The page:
The Tax Policy Center analysis also included the following graph of the average percentage change in after-tax income for 2009 under the McCain and Obama plans:
From Nagourney's July 7 article:
Mr. McCain, Republican of Arizona, has been shadowed by his statements earlier in the campaign that he is not expert in the subject of the economy and by the likelihood that voters will associate him with the economic policies of the Bush administration. He has embraced President Bush's stands on central issues like tax cuts and trade policy.
Mr. Obama, Democrat of Illinois, has had difficulty connecting with working-class voters, and his more ambitious responses to economic problems like expanding access to health insurance would be paid for in part by tax increases, always a risky proposition.
It appears likely that activity on both sides will involve appearances notable more for their political symbolism -- and attacks against the other side -- than any attempt to come up with ideas for dealing with the problems. Mr. McCain will probably continue to attack Mr. Obama for supporting tax increases, and Mr. Obama is likely to portray Mr. McCain's views as an extension of Mr. Bush's economic policies.
Mr. McCain is set to announce on Monday morning that 300 economists are endorsing his economic proposals, which include tax cuts, expanded trade and a pledge to veto bills with earmarks. His aides said the endorsements, mostly by conservative economists, would help him establish his credentials in this area. Mr. McCain will spend the week talking about job creation in hard-pressed battleground states, a contrast with his decision to spend last week in Latin America, a move that even some of his allies said risked having him seem unconcerned with the problems at home.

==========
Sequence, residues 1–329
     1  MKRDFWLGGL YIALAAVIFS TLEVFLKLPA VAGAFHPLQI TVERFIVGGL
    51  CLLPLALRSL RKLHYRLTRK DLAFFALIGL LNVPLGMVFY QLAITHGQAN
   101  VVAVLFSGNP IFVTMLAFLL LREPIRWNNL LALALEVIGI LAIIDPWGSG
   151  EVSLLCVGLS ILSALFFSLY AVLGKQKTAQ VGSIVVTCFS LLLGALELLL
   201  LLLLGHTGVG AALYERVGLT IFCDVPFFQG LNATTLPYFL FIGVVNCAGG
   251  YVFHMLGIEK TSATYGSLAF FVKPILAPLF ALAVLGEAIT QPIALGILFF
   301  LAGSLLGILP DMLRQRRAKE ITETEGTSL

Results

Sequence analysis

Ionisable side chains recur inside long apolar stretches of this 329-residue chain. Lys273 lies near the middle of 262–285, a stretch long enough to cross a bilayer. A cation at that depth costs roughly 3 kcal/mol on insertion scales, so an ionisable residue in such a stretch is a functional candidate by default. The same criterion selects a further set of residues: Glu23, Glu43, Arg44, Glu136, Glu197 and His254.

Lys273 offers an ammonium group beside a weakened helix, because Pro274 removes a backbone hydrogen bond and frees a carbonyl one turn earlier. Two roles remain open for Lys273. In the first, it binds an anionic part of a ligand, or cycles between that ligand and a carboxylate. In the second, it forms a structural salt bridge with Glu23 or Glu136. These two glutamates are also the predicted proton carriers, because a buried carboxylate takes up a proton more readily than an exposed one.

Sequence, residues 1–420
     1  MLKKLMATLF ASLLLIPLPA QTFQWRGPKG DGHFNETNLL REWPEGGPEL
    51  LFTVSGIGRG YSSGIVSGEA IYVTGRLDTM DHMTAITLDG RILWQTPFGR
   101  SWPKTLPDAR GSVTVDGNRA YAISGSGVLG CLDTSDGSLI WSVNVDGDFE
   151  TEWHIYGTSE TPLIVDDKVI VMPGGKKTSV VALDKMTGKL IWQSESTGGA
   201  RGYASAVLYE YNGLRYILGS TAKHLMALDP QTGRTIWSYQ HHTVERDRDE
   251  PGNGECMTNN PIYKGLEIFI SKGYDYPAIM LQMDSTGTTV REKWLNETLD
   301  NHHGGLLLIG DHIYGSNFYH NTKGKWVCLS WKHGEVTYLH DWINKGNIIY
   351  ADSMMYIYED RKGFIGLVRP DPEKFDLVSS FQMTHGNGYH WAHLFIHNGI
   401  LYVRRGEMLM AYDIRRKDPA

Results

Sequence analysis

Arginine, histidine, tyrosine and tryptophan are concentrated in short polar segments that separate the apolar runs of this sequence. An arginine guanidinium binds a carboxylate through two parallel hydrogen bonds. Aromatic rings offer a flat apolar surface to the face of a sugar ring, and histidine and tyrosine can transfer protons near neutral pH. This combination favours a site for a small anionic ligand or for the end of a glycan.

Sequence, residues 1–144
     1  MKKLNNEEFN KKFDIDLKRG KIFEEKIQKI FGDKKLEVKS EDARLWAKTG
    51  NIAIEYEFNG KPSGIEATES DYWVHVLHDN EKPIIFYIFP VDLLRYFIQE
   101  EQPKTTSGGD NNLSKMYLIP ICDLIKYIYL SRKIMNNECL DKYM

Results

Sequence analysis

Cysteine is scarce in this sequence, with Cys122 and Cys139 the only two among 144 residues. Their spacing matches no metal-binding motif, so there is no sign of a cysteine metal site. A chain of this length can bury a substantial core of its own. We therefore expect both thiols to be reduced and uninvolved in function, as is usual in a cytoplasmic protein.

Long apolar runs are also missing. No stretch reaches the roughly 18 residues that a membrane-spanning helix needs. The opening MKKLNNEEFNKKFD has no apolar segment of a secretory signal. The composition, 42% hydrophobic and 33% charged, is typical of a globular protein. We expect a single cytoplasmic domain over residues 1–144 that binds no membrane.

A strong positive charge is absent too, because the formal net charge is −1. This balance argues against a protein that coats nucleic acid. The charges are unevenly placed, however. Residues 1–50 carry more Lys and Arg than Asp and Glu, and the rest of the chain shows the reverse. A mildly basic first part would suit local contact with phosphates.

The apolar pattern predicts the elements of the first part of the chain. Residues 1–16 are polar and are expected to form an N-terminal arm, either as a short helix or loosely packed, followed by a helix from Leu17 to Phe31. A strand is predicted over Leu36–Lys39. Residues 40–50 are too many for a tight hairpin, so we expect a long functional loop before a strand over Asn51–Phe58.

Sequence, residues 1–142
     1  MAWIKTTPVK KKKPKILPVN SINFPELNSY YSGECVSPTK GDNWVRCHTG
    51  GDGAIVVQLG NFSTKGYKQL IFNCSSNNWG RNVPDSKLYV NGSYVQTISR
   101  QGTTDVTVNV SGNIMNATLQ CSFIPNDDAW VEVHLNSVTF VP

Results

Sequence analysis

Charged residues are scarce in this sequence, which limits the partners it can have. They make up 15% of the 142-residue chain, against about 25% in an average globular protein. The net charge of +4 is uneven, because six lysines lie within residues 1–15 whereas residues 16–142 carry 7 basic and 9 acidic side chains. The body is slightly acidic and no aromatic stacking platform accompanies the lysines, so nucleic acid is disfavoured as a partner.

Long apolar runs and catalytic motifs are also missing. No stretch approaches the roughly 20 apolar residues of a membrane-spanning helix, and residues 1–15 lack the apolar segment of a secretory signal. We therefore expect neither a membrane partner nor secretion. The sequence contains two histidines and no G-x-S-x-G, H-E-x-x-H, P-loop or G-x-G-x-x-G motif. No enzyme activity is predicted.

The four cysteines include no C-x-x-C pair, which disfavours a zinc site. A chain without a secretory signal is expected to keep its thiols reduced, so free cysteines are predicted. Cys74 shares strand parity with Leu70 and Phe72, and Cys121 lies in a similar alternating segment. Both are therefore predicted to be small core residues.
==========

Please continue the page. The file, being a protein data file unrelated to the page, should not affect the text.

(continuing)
Mr. McCain's aides said he would talk this week with voters, often in intimate settings, about their economic problems, in the hope of coming off as more empathetic than Mr. Obama. He will attack Mr. Obama over his support for raising taxes and his opposition to lifting the ban on offshore oil drilling and suspending the gasoline tax for the summer, positions also highlighted in an advertisement by the Republican National Committee that began being shown on Sunday in closely contested states.
Mr. McCain has repeatedly argued that raising taxes in a weak economy would have disastrous consequences and asserted that his plan for long-term tax cuts -- the centerpiece of his economic program -- would solve the short-term economic problems.
But, Mr. McCain's aides said, he will not offer any significant new economic programs or ideas. Mr. Black said the campaign was counting more on the contrast with Mr. Obama on tax cuts than on Mr. Obama's problems relating to working-class voters.